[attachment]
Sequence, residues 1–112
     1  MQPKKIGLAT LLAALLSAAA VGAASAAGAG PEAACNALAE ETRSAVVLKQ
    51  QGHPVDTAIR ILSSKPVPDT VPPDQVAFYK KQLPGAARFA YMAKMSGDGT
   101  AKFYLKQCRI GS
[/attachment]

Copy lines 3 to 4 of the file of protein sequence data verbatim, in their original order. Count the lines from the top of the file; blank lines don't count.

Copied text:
    51  QGHPVDTAIR ILSSKPVPDT VPPDQVAFYK KQLPGAARFA YMAKMSGDGT
   101  AKFYLKQCRI GS